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    Synology’s 5-bay DS1517+ is solid refresh of the company’s 5-bay SMB NAS solution, fitting nicely between performance and affordability. Equipped with a quad-core 2.4GHz CPU, an AES-NI hardware encryption engine, four 1GbE LAN ports and up to 16GB DDR3 RAM (dual channel), this Synology DiskStation performs well during encryption and intensive applications. A single DS1517+ device has a maximum capacity of 50TB when using five 10TB HDDs and can be expanded even further to upwards of 150TB when using two DX517 expansion units. Synology DiskStation DS1517+ NAS Review
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    Its not too difficult, but it is a pretty detail-oriented step through process. Deleting once the data is off the drives is easy. But you need to know how to transfer the data off and confirm its off. On the storage side, you need to know how to navigate the RAID card pre-boot setup interface. If you just pull drives and insert new ones the server will freak out and not do anything. You need to delete old RAID group, add new drives, init them or flag as for use in RAID, then put them into a RIAD group that makes sense based on their capacity and usage profile. This means knowing when and why to pick RAID10, RAID6 as well as block size and read/write cache. Then you init the disk grounp, go back into VMware, find the unformatted volume and make that into your new Datastore.
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    Lets take a step back, is this storage presented raw to the Veeam side, or is it formatted as a datastore with the Veeam VM loaded onto it?
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    Neither reports a defective battery. It's just that the capacity has decreased a lot, holding little charge. The ibbu07 was at about 10% (reporting 300+ cycles) while the ibbu08 is hovering around 50% (despite reporting only 6 cycles). I wanted to a try a new battery that I have lying around, which doesn't costs me anything apart from a little fiddling time. For the eprom programmer, I guess you also need a converter from soic to dip. I'll try without any of those to see if it works. I'm hoping it will work, especially if I use an identical but new battery.
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    Apparently the bq2060A internal charge controller does not count backwards, several users has tried just changing battery but it was unsuccessful - relearn simply fails. I don't know what lsi module you have but it will be interesting if you post your findings, I have only edited code for ibbu07 so other modules would be interesting and might behave otherwise.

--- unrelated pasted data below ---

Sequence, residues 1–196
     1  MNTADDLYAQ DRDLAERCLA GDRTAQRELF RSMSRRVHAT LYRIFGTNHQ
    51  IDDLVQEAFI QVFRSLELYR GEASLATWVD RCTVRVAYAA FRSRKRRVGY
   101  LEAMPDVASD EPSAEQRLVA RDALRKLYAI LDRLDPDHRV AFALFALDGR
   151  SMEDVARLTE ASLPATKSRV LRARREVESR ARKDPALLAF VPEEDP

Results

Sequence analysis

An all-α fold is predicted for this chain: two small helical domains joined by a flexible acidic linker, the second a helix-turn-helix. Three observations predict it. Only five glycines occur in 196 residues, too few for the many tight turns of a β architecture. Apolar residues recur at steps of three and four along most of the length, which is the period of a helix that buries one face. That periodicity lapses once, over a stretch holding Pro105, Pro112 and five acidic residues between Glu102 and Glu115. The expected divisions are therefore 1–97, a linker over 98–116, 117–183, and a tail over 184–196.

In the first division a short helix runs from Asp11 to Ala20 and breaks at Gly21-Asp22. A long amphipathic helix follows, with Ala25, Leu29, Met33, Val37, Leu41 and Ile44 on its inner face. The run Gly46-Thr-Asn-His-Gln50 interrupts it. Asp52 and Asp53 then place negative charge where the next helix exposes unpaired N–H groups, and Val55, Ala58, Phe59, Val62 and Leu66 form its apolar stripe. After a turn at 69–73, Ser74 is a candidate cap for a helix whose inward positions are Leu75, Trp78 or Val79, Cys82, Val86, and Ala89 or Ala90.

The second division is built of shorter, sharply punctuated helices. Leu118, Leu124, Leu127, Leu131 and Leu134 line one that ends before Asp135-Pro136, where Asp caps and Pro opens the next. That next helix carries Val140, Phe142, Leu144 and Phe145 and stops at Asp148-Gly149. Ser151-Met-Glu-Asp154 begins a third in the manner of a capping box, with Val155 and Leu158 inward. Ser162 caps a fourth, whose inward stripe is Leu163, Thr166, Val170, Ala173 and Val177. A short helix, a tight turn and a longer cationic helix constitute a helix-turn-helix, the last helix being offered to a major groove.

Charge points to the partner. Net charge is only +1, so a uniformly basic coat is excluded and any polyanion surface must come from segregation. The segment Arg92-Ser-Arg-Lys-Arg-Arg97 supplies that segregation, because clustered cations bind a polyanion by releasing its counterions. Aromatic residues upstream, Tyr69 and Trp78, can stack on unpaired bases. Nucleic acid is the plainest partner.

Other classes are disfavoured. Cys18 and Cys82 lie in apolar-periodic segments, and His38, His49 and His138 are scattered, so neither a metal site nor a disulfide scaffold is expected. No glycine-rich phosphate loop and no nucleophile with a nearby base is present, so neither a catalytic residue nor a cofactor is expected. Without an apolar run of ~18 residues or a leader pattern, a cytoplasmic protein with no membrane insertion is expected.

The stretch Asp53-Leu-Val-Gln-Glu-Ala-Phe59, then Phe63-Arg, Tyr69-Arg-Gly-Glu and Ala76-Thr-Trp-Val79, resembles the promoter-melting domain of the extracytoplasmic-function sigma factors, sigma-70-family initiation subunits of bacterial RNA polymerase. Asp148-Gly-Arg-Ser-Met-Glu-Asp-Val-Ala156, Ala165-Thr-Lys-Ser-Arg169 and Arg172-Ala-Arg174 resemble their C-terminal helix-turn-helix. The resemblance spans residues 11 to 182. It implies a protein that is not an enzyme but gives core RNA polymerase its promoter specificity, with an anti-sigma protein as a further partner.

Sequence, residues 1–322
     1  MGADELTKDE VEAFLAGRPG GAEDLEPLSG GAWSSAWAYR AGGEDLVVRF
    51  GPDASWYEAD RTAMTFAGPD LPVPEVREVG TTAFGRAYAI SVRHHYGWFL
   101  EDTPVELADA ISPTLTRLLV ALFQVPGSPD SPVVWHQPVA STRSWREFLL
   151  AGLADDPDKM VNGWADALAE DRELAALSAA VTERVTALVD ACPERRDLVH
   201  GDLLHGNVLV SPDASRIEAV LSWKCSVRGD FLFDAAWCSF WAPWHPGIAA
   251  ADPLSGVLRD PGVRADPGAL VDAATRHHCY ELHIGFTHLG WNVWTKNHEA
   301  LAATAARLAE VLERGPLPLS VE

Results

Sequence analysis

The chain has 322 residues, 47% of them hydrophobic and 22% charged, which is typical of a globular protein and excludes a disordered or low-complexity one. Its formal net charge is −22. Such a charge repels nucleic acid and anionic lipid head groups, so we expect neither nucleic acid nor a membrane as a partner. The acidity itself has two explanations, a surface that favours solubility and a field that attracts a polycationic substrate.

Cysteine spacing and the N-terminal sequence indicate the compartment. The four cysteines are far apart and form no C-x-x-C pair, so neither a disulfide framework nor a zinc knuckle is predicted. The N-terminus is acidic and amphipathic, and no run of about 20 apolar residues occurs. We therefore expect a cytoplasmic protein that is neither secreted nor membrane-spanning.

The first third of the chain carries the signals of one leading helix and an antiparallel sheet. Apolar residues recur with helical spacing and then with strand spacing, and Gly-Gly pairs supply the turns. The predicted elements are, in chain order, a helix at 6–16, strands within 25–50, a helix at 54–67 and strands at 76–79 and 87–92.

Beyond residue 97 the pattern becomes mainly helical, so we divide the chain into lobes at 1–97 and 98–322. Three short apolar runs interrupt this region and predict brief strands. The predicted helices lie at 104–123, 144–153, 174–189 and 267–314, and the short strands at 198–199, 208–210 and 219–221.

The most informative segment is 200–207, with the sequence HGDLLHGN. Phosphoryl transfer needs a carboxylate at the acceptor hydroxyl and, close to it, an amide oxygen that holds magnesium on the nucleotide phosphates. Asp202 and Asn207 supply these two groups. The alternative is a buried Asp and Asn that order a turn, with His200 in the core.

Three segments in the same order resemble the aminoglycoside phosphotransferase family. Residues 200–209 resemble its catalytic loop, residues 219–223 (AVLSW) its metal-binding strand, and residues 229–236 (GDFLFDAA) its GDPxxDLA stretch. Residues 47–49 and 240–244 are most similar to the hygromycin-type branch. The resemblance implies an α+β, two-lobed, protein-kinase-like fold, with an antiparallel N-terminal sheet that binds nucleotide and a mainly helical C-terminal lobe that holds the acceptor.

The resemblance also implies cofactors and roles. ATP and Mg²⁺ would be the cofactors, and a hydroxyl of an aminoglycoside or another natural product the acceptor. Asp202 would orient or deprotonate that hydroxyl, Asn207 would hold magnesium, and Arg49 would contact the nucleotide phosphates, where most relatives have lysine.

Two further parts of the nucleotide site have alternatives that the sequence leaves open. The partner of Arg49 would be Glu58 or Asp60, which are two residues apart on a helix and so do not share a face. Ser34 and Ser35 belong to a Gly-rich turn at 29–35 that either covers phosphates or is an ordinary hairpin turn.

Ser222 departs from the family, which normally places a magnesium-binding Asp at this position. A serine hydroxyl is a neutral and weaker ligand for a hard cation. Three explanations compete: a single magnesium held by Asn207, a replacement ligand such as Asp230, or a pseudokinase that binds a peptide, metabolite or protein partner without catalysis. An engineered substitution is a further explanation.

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    It's unfortunate that Intel won't send one for detailed review. Kind of hard to tell how real it is. We worked with a server vendor on Intel's launch partner list and they only had access to 175GB dev samples. So far this launch is pretty meh.
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    Hey! I'm using samsung 850 evo m.2 250GB and aliexpress 9$ adapter for my MBA 13' 2011. My ssd is writing 530+mbs and reading 500+mbs now instead of 150 and 200mbs with native one. And yes, 6 years ais a big age for ssd, but still. Now all the websites, video, even the hardest ones are playing and loading instantly!
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    DO NO REMOVE IT! That's the alpha, without it the whole pack will die.
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    We see a lot of roadmaps and the funny thing is they never include pricing targets. I wouldn't expect a lot of downward pricing pressure on SSDs, we're actually seeing prices rise in some sectors. I'm afraid your dream of high capacity client drives is some time away, not for technical reasons, but just because they're going to be so expensive and without volume...the sweet spot for some time is going to continue to be 240GB and 480GB class drives. It may take QLC NAND to make that happen.
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    Good question, I'll reach out and see what I can find out.
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    As someone that specializes a lot in data protection and archive solutions in all sizes of company, while technically feasible, this is a very bad idea, with a lot of risk in storing this data in this manner as described. Tape would be an acceptable solution, as long as you wrote it to two copies of tapes. Then in 5yrs or so look at replacing your tape solution for a newer one. LTO is backwards compatible 2 versions back to read. e.g. LTO7 can read LTO5, and write to LTO6. So you may need to upgrade to LTO7 soon, to read those LTO5 tapes. Then in 5 or so years, go to LTO9, to be able to read LTO7 tapes. With a couple of tape migration projects inbetween. Or you have an enterprise tape library that can run multiple types of tape drives. Another solution, would be to stick that data in the cloud, and keep it in two sites, or two providers. Like a copy in Amazon and/or azure. Amazon Glacier would be about $400-500/month in today's prices for 100TB. Their snowball can help you get the data into their cloud quick. Pricing should go down over time as scale and economics work in our favor. I suggest two vendors, because who knows how this new fangled "cloud," will shake up, and who wins and loses over the next decade. If you are deadset on using hard drives, make multiple copies, and I'd probably do it across two different brands of drives. When talking 10yrs of retention, the media type is very important, for compatibility sakes, and ease of accessing said data. But just as important is the environment, that this media is stored (humidity, temp, etc). Best to look at an Iron Mountain or similar to store these. Which by the way, I'm sure Iron Mountain offers some sort of storage platform, and long term archival solution too.